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‘Extremely Dangerous’ Teen Captured After Escape from Calif. Halfway House

'Souzer had a temper and was volatile, sometimes clashing with his mother and threatening her over chores...'

(John RansomHeadline USA) An 18-year-old who had been convicted of brutally killing his mother in 2017, was arrested at a California homeless encampment after escaping from a halfway house to which he had been remanded as part of an early-release program.

Ike Nicholas Souzer, removed the ankle monitor that was supposed to track him and left the halfway house in Santa Ana on the same day that he was released—15 months early on his original sentence for murder, said the LA Times.

In December he was convicted of assaulting three corrections officers, said the New York Post.

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He also had an escape attempt in 2019, when he was free for a single day.

Souzer was described in news bulletins as “extremely dangerous,” which invites the question as to why he was released to begin with.

The answer may be in the attempt by California to “reform” the criminal code.

“Over the past decade, voters, legislators and governors have weighed in on policies to reduce California’s prison population, changing state laws along the way,” said CalMatters.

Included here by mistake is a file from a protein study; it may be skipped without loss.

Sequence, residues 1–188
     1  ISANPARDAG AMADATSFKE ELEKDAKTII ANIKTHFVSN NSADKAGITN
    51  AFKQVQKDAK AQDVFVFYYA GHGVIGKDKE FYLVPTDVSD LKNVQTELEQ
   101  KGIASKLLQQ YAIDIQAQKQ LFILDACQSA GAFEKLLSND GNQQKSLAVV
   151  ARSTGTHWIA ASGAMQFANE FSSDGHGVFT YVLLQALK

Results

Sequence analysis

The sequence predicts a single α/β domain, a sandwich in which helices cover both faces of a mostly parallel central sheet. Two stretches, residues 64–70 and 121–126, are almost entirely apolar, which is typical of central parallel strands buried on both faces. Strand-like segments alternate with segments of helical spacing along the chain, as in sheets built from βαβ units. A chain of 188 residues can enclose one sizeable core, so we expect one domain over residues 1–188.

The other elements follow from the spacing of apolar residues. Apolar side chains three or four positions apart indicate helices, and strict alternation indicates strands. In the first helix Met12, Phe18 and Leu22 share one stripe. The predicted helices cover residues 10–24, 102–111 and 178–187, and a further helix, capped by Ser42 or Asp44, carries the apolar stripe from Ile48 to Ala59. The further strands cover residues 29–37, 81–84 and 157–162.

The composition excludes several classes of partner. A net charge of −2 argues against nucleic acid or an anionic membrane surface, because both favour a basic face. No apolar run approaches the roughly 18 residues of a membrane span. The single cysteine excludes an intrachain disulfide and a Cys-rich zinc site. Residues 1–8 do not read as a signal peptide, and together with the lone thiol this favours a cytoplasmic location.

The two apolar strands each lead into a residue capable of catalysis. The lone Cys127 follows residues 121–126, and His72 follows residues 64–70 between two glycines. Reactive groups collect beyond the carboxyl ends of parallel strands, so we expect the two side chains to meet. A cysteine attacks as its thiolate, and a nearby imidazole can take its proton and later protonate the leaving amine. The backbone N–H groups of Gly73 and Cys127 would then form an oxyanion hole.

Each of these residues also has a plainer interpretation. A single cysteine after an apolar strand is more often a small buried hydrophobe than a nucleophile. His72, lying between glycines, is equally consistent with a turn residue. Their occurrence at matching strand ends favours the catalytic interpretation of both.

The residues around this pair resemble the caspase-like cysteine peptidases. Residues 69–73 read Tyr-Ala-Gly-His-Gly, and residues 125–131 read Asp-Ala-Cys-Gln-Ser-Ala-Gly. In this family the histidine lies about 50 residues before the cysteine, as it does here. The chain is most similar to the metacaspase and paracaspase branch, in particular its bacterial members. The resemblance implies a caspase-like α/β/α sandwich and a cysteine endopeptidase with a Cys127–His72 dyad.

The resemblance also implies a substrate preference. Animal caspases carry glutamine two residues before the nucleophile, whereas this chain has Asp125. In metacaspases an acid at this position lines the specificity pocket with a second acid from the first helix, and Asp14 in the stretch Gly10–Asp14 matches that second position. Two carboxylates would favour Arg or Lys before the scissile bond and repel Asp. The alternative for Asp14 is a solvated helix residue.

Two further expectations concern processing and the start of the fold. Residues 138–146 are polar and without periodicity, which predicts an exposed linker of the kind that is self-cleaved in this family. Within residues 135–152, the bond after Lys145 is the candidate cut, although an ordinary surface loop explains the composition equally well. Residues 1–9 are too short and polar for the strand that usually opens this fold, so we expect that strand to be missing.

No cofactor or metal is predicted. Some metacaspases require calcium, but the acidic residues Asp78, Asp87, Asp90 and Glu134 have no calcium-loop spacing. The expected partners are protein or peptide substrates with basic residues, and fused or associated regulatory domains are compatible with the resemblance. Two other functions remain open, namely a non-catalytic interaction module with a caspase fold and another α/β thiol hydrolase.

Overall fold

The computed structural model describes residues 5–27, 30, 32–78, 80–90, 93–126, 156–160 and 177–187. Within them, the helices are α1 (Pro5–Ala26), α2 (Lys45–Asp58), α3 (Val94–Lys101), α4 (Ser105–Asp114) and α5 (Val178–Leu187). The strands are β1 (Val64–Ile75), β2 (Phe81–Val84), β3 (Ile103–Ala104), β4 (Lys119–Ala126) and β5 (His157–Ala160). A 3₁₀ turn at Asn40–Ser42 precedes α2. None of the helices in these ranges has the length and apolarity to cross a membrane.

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In a similar rebuke to California’s radical leniency for violent offenders, it was revealed two weeks ago that a suspected gunman in a Sacramento mass shooting may have obtained an automatic weapon on the black market and used it during a late night bar brawl that killed six and wounded 12 shortly after receiving an early release from prison.

California’s bizarre patchwork of incarceration laws may also explain why Souzer was let out of jail early, and apparently faces no additional time for the assault on the corrections officers.

In the state of California any person who assaults another person who is not also confined as a prisoner in a state prison is subject to two to four years in jail, with such terms to be served consecutively, according to the California Penal Code.

Souzer, however, was incarcerated at a county sheriff’s facility, called the Theo Lacy Facility, a maximum-security jail in Orange County, which may have different laws that apply.

In 2019, the teen was convicted of voluntary manslaughter, after stabbing his mother to death. Prosecutors had argued for murder charges, but the charges were reduced by Orange County Superior Court Judge Douglas J. Hatchimonji to the lesser manslaughter conviction, said the Orange County Register.

Souzer faced up to 11 years in prison on his conviction, but had to be released by the age 25 because he was a minor at the time he committed a crime.

He served less than five years as an “extremely dangerous” teen.

The teen’s lawyer argued that there was a history of abuse from the mother and the teen suffered from autism and other disabilities that made him not fully responsible for his actions.

“After his arrest, a relative told a Register reporter that Souzer had a temper and was volatile, sometimes clashing with his mother and threatening her over chores. The relative described the relationship between the two as strained, but indicated she was a loving mother,” said the Orange County Register.

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